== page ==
See a well-produced video that was entered in the United Nations contest on short films on Human Rights. Also featuring Coldplay's "Life in Technicolor".
Although security was the founders' major consideration, economic and social questions now share the limelight. The UN's success in promoting decolonization and self-determination has led to the entry of a host of former colonies whose primary concern is with economic development and the devising of a new international economic order. Since 1945 enormous changes in science and technology have given international conventions, laws and infrastructures new dimensions that embrace such things as space law, commerce, travel, seabed mining, satellite communication, etc. Consequently, specialized agencies such as the World Health Organization and the UN High Commission for Refugees have in fact more rather than fewer issues to handle and the International Court of Justice has an agenda that goes far beyond the adjudication of political disputes.
The UN is essentially a network of institutions for multilateral diplomacy rather than a world government, and as such its achievements depend upon the collective strength of its members. That is why it has been unable to resolve such perennial problems as the escalating arms race, regional conflicts in the Middle East, Cambodia and Cyprus, human rights violations in South Africa, the increasing gap between rich and poor and refugees.
The 1980s revealed signs of severe strains in the organization. Years of withholding assessed funds for programs which did not meet donor's expectations, together with irresponsible financial management and duplication combined to put its continued operation in jeopardy and, in agencies such as UNESCO, led to the withdrawal of the US and United Kingdom. Canada preferred to work from within to reform the organization rather than become a disengaged critic.
Along with restraint came some notable successes which served to bolster confidence in the UN system: a declaration on international TERRORISM, a massive famine relief program for Africa; and the superpowers' use of the UN as a forum for reaching world opinion on arms control and the Iran-Iraq Gulf War.
For Canada, which was so active in the founding of most of the UN's organs, the UN remains its best hope for influencing the decisions of other nations through consensus building. It has been at the forefront in promoting universality of membership in the UN. While it may no longer be in a position to play the mediatory role that it did in resolving the SUEZ CRISIS of 1956, it is no less committed to peacemaking and has moved with the times to make its unique contribution of constructive internationalism through such means as verification procedures.
By population Canada ranks about fortieth in the world and among the Western industrialized nations it ranks seventh, but it is the fourth largest financial contributor to the UN system. Canada believes that in combination with other nations lies the best hope for dealing with global problems such as pollution, racial discrimination, hunger, sexual discrimination, and others that trouble and ultimately affect Canadians. However frustrating the UN system may at times appear, its essential purpose is being served as long as it provides the principal forum for discussing these issues and avoids the centuries-old effort to create a world order.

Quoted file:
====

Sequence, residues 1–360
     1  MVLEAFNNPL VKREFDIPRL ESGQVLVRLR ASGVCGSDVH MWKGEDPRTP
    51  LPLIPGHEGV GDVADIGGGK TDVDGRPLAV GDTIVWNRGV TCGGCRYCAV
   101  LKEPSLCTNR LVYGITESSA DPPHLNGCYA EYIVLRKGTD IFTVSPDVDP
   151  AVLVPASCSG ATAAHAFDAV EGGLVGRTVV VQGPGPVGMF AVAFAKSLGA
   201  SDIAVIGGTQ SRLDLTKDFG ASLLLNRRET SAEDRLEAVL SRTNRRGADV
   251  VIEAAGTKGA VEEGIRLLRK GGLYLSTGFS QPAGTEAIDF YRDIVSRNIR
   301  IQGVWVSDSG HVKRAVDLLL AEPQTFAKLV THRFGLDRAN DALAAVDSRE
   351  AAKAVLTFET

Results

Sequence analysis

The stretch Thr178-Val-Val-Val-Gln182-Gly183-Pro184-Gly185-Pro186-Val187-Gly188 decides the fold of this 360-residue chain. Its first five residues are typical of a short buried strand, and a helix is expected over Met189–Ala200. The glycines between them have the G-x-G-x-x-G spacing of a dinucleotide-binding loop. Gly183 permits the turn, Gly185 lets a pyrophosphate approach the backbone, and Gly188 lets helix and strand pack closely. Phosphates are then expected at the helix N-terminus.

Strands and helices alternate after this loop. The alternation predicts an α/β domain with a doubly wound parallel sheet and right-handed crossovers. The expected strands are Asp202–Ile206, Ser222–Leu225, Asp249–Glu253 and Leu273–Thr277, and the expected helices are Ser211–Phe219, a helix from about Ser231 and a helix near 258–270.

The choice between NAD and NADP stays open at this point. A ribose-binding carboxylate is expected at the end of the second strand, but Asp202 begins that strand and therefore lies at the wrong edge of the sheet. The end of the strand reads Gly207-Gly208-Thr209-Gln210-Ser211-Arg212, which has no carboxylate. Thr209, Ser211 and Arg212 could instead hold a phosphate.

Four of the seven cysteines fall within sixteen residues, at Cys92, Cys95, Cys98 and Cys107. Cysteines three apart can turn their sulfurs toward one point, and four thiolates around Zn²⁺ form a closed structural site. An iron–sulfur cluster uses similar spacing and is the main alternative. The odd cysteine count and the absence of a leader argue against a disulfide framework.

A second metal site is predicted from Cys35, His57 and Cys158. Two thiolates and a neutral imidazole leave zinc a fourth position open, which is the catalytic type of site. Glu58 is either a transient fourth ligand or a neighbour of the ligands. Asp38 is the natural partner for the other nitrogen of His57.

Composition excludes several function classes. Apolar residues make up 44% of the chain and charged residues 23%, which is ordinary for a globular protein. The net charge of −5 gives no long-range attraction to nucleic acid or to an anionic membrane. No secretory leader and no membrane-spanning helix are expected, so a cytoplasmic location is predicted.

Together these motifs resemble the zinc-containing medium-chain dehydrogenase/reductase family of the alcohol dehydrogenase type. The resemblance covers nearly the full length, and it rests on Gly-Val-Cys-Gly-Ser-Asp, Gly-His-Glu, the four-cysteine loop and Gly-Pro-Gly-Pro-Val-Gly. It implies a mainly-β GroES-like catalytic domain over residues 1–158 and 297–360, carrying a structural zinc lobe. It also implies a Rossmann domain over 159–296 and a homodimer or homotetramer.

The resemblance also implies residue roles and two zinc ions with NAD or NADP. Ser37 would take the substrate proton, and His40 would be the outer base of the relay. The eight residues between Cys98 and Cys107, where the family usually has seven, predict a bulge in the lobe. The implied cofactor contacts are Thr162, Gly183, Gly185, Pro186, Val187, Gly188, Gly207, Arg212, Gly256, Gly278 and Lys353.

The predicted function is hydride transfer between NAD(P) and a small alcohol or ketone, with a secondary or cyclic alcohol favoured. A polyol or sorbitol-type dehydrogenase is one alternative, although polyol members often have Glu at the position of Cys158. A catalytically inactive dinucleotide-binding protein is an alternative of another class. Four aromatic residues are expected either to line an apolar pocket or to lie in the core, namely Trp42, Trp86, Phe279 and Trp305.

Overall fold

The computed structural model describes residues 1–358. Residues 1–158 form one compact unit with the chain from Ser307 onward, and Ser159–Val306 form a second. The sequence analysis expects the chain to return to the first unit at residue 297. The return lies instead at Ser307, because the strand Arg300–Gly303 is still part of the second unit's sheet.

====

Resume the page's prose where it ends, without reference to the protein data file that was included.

See also EXTERNAL RELATIONS.
Author JOHN W. HOLMES AND DON PAGE
Links to Other Sites
The official website of the United Nations.
United Nations Association of Canada
The official website of the United Nations Association of Canada.
United Nations Maps and Geographic Information Resources
The United Nations cartographic website offers a searchable database of regional political maps.
This political map of the World shows national boundaries, country names, and major ocean features. From the Atlas of Canada.
Nobel Peace Prize Acceptance Speech
This website features the text of the Honourable Lester Bowles Pearson’s acceptance speech upon presentation of the Nobel Peace Prize in 1957. Produced by The United Nations Association in Canada.
Top 10 Things Canadians Should Know About Canada
Click on the 101things.ca link to discover the top 10 things people should know about Canada, a list developed from a national survey of what Canadians felt were the 101 people, places, symbols, events and innovations that most define our nation. From the Historica-Dominion Institute.
Louis S. St. Laurent National Historic Site of Canada
This Parks Canada site commemorating the childhood home of Louis S. St. Laurent features a profile of the life and political career of the former Prime Minister. Also includes an extensive overview of the prominent domestic and international political issues during his tenure.
United Nations News Service
Search for current news about United Nations programs and personnel.
UNICEF programs focus on the health, education and safety needs of children around the world. UNICEF also provides assistance to children involved in natural disasters and other emergency situations.
Permanent Mission of Canada to the United Nations
The website for the Permanent Mission of Canada to the United Nations.
United Nations World Food Programme
The website for the United Nations World Food Programme.
A quarterly Canadian magazine devoted to peacemaking, disarmament, conflict resolution, global stability, and related concerns. Offers online articles and letters from current and previous editions (from January 1983 to present). Also, the first Canadian magazine to be produced with desktop publishing software. From the Canadian Disarmament Information Service.
The Memory Project: The United Nations and the Korean War
Listen to an interview with Canadian veteran Frank Dyke about his military service in the Korean War. Also check out related digitized artefacts and memorabilia. From the Historica-Dominion Institute.